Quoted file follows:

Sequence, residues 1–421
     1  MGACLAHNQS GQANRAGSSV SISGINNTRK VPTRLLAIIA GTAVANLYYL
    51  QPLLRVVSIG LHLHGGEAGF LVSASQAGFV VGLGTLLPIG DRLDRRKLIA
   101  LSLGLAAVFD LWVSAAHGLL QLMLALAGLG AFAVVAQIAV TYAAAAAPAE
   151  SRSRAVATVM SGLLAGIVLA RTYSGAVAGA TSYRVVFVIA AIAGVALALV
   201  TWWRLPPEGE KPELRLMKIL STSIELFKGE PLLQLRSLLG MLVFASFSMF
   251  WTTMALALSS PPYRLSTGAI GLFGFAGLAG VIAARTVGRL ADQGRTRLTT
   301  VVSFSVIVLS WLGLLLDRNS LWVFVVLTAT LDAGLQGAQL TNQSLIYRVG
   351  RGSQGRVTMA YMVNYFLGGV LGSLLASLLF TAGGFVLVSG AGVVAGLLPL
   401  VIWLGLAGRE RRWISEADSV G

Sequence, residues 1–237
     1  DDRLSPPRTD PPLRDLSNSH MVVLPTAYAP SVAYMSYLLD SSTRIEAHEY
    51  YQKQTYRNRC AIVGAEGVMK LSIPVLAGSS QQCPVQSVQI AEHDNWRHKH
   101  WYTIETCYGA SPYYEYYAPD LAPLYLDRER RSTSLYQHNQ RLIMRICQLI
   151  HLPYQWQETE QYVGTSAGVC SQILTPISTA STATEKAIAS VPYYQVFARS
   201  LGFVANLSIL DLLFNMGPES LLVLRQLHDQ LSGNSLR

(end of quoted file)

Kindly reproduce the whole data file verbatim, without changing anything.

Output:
Sequence, residues 1–421
     1  MGACLAHNQS GQANRAGSSV SISGINNTRK VPTRLLAIIA GTAVANLYYL
    51  QPLLRVVSIG LHLHGGEAGF LVSASQAGFV VGLGTLLPIG DRLDRRKLIA
   101  LSLGLAAVFD LWVSAAHGLL QLMLALAGLG AFAVVAQIAV TYAAAAAPAE
   151  SRSRAVATVM SGLLAGIVLA RTYSGAVAGA TSYRVVFVIA AIAGVALALV
   201  TWWRLPPEGE KPELRLMKIL STSIELFKGE PLLQLRSLLG MLVFASFSMF
   251  WTTMALALSS PPYRLSTGAI GLFGFAGLAG VIAARTVGRL ADQGRTRLTT
   301  VVSFSVIVLS WLGLLLDRNS LWVFVVLTAT LDAGLQGAQL TNQSLIYRVG
   351  RGSQGRVTMA YMVNYFLGGV LGSLLASLLF TAGGFVLVSG AGVVAGLLPL
   401  VIWLGLAGRE RRWISEADSV G

Sequence, residues 1–237
     1  DDRLSPPRTD PPLRDLSNSH MVVLPTAYAP SVAYMSYLLD SSTRIEAHEY
    51  YQKQTYRNRC AIVGAEGVMK LSIPVLAGSS QQCPVQSVQI AEHDNWRHKH
   101  WYTIETCYGA SPYYEYYAPD LAPLYLDRER RSTSLYQHNQ RLIMRICQLI
   151  HLPYQWQETE QYVGTSAGVC SQILTPISTA STATEKAIAS VPYYQVFARS
   201  LGFVANLSIL DLLFNMGPES LLVLRQLHDQ LSGNSLR